Danganronpa: Trigger Happy Havoc is pretty much a point and click adventure game with a murder mystery trial twist. Fans of these types of games may call it an Interactive Mystery Novel or Adventure game in the vein of Zero Escape but with a Phoenix Wright gameplay twist. The game centers around you, an ordinary high school kid who got invited to an extraordinary school for the best of the best. There is a variety of titles for these fellow classmates like the ‘Ultimate Programmer’ or the’ Ultimate Fan Fiction Writer’.
Danganronpa is a Murder Mystery like Clue but everyone is working together to figure out who killed each victim in multiple trials and you are the driving force of the trials. You present collected evidence and logic to refute lies and misunderstandings to bring out the truth. What I really liked about Danganronpa, it is not a normal mystery game where you have to figure out every little detail and then present the whole truth to win. Most of the time you have a bunch of evidence and you are going into to trial not knowing how everything fits together and this makes it engaging throughout each trial.
That same aspect also makes it easier and less tedious, I tried to play Zero Escape and Phoenix Wright and got stumped early in each game and never picked them back up. However, Danganronpa is a great value, it took me over 40 hours to complete with very little repetition or boring gameplay.
The dialog is funny, quirky with little innuendos from time to time. The characters are setup well and they stay true to themselves. I was also very impressed with the variety of unique graphical styles used and the music matches the ever-changing mood from brooding to zany. Danganronpa’s setting, plot and characters keeps you engaged and wanting more and each trial is unique with tons of twists and turns.
The overall mystery of why this is happening and who is pulling the strings is also looming over you. The game also has multiple systems, rules and in-menu data to keep you moving and informed throughout the game. It is a great mixture of helpful and challenging with gameplay difficulty settings to customize how you want to play the game.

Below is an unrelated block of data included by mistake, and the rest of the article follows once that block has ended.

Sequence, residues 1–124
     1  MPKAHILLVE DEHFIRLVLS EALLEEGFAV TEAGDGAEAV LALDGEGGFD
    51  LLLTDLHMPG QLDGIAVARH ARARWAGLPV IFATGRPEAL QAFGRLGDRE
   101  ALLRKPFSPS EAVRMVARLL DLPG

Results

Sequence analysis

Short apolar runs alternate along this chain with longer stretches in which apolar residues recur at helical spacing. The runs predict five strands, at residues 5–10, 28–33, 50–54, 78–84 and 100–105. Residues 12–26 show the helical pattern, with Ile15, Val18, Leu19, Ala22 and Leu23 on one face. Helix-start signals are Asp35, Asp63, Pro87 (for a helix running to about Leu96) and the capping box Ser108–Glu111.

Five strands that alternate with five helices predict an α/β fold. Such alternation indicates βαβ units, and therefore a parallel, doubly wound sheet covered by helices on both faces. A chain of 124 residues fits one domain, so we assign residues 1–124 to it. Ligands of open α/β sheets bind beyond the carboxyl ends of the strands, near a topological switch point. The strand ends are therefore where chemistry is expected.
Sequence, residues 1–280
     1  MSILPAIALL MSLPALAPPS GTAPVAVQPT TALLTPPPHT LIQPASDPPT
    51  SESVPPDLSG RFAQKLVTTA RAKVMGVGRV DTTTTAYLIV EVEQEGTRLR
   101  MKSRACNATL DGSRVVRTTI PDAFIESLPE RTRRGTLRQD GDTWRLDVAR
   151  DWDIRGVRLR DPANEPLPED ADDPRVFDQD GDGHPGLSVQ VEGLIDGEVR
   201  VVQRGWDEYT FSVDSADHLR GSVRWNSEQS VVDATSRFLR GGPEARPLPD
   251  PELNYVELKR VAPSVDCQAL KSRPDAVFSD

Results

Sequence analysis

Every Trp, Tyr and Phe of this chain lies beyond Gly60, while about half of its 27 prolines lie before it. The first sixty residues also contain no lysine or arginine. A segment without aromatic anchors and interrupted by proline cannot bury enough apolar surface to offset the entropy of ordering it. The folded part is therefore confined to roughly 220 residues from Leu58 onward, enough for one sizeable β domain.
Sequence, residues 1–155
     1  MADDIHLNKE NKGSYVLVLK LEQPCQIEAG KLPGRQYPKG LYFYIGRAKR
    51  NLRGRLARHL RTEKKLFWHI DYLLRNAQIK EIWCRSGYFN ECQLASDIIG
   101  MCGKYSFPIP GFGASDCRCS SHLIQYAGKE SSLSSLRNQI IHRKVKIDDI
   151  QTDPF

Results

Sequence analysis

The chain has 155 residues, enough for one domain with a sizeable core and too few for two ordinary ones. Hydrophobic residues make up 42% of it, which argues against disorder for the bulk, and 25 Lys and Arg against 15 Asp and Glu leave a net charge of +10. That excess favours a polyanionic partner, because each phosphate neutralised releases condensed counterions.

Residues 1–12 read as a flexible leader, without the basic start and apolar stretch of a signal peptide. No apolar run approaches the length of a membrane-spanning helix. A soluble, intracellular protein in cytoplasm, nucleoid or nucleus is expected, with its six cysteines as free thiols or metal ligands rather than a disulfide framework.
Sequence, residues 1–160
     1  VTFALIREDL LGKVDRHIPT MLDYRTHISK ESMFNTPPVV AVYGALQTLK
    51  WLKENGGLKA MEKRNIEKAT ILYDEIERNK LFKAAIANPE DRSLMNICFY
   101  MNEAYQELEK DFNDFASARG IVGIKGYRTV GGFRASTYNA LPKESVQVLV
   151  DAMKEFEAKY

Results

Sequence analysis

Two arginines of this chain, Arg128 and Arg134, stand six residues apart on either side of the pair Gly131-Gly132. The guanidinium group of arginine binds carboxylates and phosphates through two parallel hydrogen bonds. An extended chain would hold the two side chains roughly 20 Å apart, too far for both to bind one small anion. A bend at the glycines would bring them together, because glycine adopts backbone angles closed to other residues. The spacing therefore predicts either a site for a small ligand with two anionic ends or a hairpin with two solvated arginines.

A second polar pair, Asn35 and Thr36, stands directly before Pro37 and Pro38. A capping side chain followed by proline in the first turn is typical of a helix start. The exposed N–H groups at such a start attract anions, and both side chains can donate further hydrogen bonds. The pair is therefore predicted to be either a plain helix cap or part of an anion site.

The story is mainly conveyed through on screen text with the characters acting out what they are saying with one line emotional statements, like mad or ecstatic. When I hear “interactive novel” I think there is going to be pages of text in it like reading letters in Skyrim, but this system is more active and integrated into the story. It is still a lot of reading with small amounts of voice acting throughout to develop characters and unveil the story. You spend most of your time either conversing with classmates or investigating a murder after they happen. This made for a great change of pace between playing Destiny and Rogue Legacy.
After you have found all of the evidence and spoken to all of the key classmates, the high speed trial automatically begins. The trial has you do simple tasks to show you know what evidence and logic proves what, like shooting truth statement and text that is untrue. This is a nice way to make sure you understand what happened instead of just telling you the answer. Everything was intuitive with only a few instances of frustration and I am not a great puzzle game sage. Another part of this game is the relationship sim, not unlike the down times in Persona 4 or your many conversations with your crew in Mass Effect. You only get a limited amount of times to “spend time” with individual characters in order to get to know them more. Sometimes they can get killed before you learn everything about them. That is a big possibility considering only your fellow students get murdered throughout the game.
All of the characters and items are all 2-D in a 3-D setting and navigation is done from the first person perspective with free movement when traveling the halls. When you enter a room there is a set perspective with horizontal camera controls to better see all parts of the room. At points throughout the game they introduce CG scenes, comic book style re-enactments of the murders and other fun variations of their primary art style. Danganronpa rules, systems and data are all about keeping you moving through the story. While investigating they have a button to indicate all people and items in each room to prevent the game from turning into ‘Where’s Waldo’ for evidence.
Another helpful decision the developers made was to not let you leave a room before you have viewed all the evidence and spoken to the right people. I am the first person to overlook something in an adventure game and have to backtrack through every area before moving on.
If you would like to experience a story of mystery, murder and friendship then Danganronpa is a great experience that is unlike anything I have played and I cannot wait to start the sequel.